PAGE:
So I set out to fix that.
Tech support for those supporting others
My birthday this year was memorable in that it fell on the first day of lockdown. So I cancelled my plans and I created Covid Tech Support instead.
It started out as a tech helpdesk for anyone needing help with tech because of COVID-19. To begin with, it was a Google Form and a phone number, both of which brought you to me, and I used my tech experience to help as best as I could.
Covid Tech Support volunteers were absolutely helpful. I was in touch with Marc Sloan via chat and email, and he was very helpful.
—Barbara Révész - Young Classical Artists Trust
I simply wanted to see if anyone would even use the service. It didn't take long for the number of requests for help to become overwhelming...
In the beginning it was mostly mutual aid groups needing help setting up Google docs for their community or looking for online tools they could use.
But I was soon getting requests for developers, managers and designers. Demanding bigger commitments than solving standalone problems. These were coming from projects looking to tackle problems such as contact tracing, volunteer management and socially distanced shopping. And increasingly, charities and non-profits trying to take their services online and not knowing where to start.
We would like to build a new website so we just need to make do with what we have whilst we’re in crisis. Any money we save in fees pays for sessions of support for a vulnerable person. Any advice on website design and build would be appreciated.
—Leigh Williams - Cumbria Alcohol and Drug Advisory Service
Finding code4covid community members who could work on Covid Tech Support help requests
I'd already furloughed myself so that I could work on this full-time but could no longer handle the requests on my own, so I turned to the code4covid community for help.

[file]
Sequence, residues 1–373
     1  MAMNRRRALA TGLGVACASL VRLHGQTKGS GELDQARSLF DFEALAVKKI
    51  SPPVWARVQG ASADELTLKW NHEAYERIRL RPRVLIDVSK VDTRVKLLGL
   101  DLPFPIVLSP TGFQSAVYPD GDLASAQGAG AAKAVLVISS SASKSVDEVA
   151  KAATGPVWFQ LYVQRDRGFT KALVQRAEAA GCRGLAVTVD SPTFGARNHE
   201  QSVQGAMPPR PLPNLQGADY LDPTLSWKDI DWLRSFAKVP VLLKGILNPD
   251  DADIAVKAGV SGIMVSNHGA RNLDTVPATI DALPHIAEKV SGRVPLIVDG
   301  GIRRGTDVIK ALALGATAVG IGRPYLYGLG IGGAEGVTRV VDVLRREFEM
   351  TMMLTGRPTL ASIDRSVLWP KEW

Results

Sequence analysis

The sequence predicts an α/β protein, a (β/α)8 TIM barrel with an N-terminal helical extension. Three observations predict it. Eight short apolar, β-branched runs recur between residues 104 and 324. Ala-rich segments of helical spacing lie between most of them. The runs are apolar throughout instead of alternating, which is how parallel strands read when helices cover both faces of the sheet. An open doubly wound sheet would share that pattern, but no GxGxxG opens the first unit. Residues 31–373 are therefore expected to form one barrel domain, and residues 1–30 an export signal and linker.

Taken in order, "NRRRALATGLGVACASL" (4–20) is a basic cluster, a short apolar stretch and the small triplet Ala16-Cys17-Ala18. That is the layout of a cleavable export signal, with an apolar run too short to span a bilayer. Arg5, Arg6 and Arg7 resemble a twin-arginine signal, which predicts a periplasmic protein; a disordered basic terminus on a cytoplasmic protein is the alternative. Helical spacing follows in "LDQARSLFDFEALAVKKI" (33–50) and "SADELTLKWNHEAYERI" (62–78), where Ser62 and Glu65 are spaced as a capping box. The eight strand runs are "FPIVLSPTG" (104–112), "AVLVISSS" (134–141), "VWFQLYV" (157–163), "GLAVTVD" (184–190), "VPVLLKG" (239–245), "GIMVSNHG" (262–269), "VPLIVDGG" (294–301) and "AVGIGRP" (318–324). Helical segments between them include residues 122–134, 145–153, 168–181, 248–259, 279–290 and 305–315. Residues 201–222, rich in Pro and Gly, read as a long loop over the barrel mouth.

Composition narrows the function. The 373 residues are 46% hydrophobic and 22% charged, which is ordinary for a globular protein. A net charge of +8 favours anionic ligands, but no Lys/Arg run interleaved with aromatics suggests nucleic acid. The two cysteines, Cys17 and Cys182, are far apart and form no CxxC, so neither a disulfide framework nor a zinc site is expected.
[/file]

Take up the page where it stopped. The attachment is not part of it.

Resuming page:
I began matching community members to help requests, connecting those with the specific skillsets needed by organisations seeking support. And because the community was now my most valuable resource, I took the lead in managing it and actively growing its membership.
"I would like to thank you, and the other volunteers who have helped us so far. Your work supports us in helping people regain control and independence on all aspects of life.
—Pete Hoey - Halifax Society for the Blind
Word of mouth and some good press caused traffic to Covid Tech Support to grow and grow. I streamlined my operation with the support of organisations such as Intercom, Airtable, Slack, Typeform, Mailchimp, Zapier and Paiger who kindly donated their services for free.
The volunteers were knowledgeable, experienced and passionate to help. I found having a external perspective especially with regards to our user experience design has been really valuable.
—Debra Ullrich - #ImStaying
Becoming a voluntrepreneur
At each step of the way I put my entrepreneurial experience to good use. I sought out users before I built anything and validated the concept by manually providing the service myself. Doing this time and time again taught me which parts of the process needed to be automated, and I hustled for off-the-shelf solutions wherever possible. I tracked website visits, submissions, volunteer matches, social shares and set targets.
I partnered with other digital support services such as AbilityNet, Digital Candle and My April to share projects and resources. I've also been feeding what I've learned to the Greater London Authority to help plan their response and helped guide the Western Cape government in South Africa in setting up their own GoDigital initiative.